Home > Journals > Michigan Law Review > MLR > Volume 39 > Issue 6 (1941)
CONSTITUTIONAL LAW - VALIDITY OF STATE USE TAX ON MAIL ORDER SALES OF FOREIGN CORPORATION
The respondent, a New York corporation licensed to do retail business in Iowa, did a large mail order business there also. Iowa customers sent orders by mail to the company's warehouses located outside that state, and the merchandise was shipped directly to the purchaser. On these mail order sales the company neither collected from its customers, nor paid to the state, the Iowa use tax. The petitioner, chairman of the state tax commission, threatened to cancel the respondent's license as a retailer and its permit to do business in Iowa unless such use tax were paid. Respondent obtained an injunction against such action in the Iowa Supreme Court on the ground that the statute, as applied, violated section 8 of Article I of the United States Constitution and the Fourteenth Amendment. Held, two justices dissenting, that the Iowa use tax is not unconstitutional since there is no discrimination against interstate commerce and since the burden of collecting the tax was in return for the privilege of doing business in Iowa. Nelson. v. Sears, Roebuck & Co., (U.S. 1941) 61 S. Ct. 586.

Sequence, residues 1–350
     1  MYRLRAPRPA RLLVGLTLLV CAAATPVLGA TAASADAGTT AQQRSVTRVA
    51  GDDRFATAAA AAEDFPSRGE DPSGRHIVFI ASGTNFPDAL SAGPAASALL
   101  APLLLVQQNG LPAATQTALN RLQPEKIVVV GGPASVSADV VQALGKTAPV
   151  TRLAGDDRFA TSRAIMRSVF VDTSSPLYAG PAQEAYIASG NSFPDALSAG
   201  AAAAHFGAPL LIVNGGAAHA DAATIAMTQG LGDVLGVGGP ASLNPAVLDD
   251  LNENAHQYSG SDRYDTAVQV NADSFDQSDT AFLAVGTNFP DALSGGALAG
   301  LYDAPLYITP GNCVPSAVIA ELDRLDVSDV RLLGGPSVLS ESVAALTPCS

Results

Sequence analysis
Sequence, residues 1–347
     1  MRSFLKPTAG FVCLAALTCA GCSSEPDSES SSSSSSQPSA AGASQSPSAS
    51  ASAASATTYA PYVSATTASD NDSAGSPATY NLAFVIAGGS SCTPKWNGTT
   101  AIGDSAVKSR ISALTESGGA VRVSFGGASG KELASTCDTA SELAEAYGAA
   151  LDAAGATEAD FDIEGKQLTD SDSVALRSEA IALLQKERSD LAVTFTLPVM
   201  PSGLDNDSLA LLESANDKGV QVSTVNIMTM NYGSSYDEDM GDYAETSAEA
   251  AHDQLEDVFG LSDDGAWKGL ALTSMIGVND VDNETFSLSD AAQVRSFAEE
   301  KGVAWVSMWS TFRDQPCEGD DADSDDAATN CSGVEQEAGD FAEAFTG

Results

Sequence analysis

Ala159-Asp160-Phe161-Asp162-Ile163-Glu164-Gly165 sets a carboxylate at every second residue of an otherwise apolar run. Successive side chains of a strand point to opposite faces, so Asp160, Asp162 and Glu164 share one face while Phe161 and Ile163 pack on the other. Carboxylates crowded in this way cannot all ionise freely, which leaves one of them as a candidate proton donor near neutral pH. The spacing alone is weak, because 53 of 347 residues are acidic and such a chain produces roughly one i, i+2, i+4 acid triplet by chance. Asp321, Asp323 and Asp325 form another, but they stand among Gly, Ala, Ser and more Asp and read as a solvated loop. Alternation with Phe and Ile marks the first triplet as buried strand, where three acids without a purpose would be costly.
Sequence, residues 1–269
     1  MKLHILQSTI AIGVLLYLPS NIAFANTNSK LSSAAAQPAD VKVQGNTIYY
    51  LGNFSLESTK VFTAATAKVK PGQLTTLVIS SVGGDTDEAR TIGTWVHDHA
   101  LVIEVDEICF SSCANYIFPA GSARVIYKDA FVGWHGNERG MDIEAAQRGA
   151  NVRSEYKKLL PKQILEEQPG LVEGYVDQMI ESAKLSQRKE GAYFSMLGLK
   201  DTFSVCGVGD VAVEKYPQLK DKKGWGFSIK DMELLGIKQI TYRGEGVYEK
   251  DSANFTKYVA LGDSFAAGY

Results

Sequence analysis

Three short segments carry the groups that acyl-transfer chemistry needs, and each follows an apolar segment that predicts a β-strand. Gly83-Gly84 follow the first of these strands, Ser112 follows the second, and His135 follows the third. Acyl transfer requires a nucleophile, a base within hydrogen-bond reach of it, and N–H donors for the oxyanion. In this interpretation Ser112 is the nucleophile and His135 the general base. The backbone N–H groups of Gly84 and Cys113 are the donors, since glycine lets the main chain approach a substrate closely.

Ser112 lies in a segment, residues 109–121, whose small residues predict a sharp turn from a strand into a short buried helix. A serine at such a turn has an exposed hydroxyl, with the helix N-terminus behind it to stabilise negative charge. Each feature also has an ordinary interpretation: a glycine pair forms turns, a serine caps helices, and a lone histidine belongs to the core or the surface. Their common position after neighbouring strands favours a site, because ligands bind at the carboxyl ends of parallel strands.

Michigan Law Review,
CONSTITUTIONAL LAW - VALIDITY OF STATE USE TAX ON MAIL ORDER SALES OF FOREIGN CORPORATION,
Mich. L. Rev.
Available at: https://repository.law.umich.edu/mlr/vol39/iss6/15
Commercial Law Commons, Constitutional Law Commons, Fourteenth Amendment Commons, Taxation-State and Local Commons